Compromising On Reality

obama-smilingWhen I was a kid back in the 80s, I looked forward to watching professional wrestling on television every Saturday morning. I liked the action, got a kick out of the personalities, and yes… I believed it was real. But there was one aspect of the programs that always confused me. From time to time, a new, mysterious wrestler would arrive on the scene – one that came from “parts unknown” as the ring announcer would put it. As he’d walk to the ring, the announcers would comment on how little they knew of the muscle-bound stranger, and then react in astonishment as he pummeled his first opponent to a pulp.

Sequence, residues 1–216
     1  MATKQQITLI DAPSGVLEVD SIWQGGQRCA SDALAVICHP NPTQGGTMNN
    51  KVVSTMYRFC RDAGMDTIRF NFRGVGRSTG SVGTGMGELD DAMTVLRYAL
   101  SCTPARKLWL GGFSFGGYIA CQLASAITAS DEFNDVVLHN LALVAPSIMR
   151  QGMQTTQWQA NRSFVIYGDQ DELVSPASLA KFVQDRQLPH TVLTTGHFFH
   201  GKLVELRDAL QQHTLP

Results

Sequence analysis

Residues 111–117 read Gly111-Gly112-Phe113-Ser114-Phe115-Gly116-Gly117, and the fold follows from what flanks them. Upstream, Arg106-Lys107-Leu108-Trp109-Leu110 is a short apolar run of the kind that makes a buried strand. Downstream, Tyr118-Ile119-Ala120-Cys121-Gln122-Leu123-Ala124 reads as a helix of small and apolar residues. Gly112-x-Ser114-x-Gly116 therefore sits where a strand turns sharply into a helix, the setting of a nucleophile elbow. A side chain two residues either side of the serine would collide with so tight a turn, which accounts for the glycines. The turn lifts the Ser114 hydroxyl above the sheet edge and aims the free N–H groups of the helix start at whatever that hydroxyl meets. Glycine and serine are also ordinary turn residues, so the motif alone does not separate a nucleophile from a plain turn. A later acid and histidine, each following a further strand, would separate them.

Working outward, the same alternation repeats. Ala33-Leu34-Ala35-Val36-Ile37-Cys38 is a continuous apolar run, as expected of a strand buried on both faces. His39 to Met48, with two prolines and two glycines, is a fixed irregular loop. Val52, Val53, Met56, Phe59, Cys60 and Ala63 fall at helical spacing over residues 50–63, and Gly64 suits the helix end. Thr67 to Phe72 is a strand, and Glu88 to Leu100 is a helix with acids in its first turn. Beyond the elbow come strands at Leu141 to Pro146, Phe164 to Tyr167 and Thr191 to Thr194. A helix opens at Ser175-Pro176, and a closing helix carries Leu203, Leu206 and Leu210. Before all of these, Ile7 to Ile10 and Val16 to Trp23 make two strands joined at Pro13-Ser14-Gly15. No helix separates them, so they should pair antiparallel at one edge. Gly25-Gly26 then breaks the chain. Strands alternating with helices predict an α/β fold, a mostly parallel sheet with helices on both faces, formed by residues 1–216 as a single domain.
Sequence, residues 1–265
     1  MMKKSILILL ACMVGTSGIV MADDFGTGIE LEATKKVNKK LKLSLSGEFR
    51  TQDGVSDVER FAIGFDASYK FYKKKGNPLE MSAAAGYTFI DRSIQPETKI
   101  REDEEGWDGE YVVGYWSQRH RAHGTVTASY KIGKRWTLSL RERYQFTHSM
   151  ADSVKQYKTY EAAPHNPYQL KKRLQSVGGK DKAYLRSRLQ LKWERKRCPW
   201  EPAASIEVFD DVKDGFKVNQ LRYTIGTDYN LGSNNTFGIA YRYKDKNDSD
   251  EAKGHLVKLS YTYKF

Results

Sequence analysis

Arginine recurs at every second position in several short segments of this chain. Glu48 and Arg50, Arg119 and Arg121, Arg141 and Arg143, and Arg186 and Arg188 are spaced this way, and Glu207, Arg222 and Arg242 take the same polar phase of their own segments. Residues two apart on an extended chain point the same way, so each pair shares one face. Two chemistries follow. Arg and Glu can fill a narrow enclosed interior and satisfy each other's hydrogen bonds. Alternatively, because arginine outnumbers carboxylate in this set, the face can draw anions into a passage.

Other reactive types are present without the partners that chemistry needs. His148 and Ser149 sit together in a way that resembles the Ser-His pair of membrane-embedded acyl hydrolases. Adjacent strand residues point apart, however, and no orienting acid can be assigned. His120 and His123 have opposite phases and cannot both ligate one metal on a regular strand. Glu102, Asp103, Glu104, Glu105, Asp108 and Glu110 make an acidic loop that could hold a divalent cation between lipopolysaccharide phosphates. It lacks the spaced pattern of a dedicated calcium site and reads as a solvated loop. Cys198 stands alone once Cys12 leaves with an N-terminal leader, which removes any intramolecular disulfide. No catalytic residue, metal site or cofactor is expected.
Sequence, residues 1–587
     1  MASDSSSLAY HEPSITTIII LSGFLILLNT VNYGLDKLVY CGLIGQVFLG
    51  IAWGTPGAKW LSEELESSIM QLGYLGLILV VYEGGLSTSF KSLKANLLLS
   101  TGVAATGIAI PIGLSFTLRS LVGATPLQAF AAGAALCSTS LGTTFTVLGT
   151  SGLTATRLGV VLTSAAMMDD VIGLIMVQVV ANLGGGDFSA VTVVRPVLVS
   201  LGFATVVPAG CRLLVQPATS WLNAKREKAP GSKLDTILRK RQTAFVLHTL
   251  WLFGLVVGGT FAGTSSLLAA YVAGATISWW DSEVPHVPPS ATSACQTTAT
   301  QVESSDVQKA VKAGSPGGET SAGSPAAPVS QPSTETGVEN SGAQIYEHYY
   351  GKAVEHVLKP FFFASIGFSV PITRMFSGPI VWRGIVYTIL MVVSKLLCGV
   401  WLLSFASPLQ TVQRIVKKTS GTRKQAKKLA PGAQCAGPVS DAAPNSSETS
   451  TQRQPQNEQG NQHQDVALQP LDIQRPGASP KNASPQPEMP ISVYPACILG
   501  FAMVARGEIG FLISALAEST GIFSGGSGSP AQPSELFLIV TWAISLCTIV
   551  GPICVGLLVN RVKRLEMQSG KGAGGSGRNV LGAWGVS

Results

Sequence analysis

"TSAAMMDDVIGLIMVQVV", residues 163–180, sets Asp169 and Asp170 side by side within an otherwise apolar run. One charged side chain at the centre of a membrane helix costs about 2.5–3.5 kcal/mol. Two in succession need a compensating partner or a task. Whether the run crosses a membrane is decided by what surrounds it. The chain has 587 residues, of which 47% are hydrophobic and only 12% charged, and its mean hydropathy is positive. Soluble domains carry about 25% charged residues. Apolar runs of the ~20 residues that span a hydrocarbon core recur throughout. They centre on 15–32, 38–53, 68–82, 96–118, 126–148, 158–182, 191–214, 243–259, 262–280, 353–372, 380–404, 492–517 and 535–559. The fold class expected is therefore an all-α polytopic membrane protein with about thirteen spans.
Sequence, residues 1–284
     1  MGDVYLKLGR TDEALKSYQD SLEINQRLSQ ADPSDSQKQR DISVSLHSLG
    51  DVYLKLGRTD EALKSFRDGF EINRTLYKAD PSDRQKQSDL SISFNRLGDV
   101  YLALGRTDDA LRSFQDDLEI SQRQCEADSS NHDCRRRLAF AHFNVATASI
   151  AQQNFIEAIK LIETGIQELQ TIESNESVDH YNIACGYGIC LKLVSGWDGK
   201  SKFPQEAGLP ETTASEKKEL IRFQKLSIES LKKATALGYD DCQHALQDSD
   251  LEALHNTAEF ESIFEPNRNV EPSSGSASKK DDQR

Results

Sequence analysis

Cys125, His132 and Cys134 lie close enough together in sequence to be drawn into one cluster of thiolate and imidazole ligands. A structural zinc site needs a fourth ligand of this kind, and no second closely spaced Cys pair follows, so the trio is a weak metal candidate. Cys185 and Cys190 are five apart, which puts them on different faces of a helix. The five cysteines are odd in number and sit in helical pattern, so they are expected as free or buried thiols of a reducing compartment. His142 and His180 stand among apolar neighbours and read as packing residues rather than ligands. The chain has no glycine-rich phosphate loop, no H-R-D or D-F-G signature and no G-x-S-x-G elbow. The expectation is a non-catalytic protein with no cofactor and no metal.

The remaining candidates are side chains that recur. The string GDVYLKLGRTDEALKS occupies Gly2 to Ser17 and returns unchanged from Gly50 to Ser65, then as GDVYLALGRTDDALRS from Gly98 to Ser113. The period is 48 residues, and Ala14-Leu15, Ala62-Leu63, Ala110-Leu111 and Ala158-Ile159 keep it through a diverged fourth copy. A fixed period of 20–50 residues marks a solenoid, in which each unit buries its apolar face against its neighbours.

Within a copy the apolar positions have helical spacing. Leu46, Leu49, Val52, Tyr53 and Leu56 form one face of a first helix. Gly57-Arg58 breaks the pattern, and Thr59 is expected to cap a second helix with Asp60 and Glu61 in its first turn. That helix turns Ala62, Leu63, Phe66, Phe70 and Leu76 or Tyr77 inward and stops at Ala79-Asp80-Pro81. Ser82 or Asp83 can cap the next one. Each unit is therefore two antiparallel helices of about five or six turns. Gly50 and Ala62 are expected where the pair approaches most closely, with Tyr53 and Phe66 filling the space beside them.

There was only one problem. The wrestler wasn’t “new” at all. In fact, he was the same guy I had seen three weeks earlier on the same television program, just with a different hair style, a different outfit, and a different name. I mean, it was CLEARLY the same wrestler. Yet, the same two announcers that called his match three weeks earlier didn’t seem to recognize him, and the crowd appeared none the wiser. This perplexed me. Why didn’t anyone else remember this guy? Had the world gone insane? Eventually, my little boy mind accepted it and I moved on.

Now, one would think that such a blatant, absurd example of repackaging an individual could only be successful when presented to impressionable, young fans of choreographed warfare. Sadly this isn’t the case.

The 2012 presidential campaign has begun, and standing in this corner is Barack “The Compromiser” Obama.